SF City Hall Getting Crowded at the Top

Executive rolls grow as layoffs strike city departments

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    NEWSLETTERS

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    "Sorry, boss, you just laid off the guy who knows how to turn the lights out."

    Since 2005, San Francisco has been adding managers and executives to the city's payroll far faster than other classes of jobs.

    According to the city controller, executive and other managerial positions have grown 20 percent since 2005.

    But lower-level positions have grown much more slowly. For instance, the number of city firefighters has only grown four percent, and cops nine percent.

    Yet all that upper-level expertise hasn't been able to manage the city out of a massive budget deficit, which is expected to grow next year.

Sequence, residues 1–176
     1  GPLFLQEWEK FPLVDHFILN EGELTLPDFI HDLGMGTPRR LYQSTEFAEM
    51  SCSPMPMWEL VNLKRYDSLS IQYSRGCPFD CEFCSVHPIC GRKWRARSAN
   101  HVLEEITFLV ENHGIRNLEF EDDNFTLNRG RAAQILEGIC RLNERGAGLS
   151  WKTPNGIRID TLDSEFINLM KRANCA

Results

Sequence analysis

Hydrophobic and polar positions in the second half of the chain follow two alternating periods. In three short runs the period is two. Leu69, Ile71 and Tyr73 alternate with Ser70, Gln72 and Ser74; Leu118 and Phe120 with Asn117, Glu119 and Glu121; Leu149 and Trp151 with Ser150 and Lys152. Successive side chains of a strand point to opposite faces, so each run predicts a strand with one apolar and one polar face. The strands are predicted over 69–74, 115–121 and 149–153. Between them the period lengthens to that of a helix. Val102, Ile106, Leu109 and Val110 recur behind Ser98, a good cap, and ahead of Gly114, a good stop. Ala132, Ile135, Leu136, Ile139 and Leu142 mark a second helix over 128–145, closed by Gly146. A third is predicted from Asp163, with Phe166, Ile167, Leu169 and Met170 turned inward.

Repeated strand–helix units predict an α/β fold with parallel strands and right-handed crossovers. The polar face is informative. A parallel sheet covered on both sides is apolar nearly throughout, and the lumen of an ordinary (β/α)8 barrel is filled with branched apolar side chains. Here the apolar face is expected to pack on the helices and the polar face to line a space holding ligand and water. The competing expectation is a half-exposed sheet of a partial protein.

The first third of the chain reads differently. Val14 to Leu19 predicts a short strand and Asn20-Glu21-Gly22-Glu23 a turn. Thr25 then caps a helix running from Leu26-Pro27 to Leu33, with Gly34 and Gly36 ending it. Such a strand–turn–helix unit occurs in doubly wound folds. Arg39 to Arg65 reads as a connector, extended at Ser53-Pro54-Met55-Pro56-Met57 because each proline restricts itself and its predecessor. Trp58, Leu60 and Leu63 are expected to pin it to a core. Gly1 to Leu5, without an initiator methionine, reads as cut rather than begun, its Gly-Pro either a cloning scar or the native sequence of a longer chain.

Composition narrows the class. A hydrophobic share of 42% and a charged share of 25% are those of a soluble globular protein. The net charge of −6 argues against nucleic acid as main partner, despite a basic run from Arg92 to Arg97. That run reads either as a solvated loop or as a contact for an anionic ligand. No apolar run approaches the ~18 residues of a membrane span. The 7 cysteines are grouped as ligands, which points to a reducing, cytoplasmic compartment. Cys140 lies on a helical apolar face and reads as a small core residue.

To deal with the shortfall, the mayor's office has asked all city departments to cut their budgets by 25 percent.

    Since it's the managers who will be doing that trimming, it will be interesting to see who gets the pink slips.

    After all, it's the rank-and-file employees who actually provide the services -- and at lower pay scales.

    "[I]n 2005 there was roughly one executive for every 30 city workers on the payroll. Today there is one for every 25," the San Francisco Chronicle's Matier and Ross point out.

    If only those numbers were class sizes at San Francisco public schools and not city payroll figures.

    Jackson West would love to see a Muni executive try to navigate a bus down Stockton.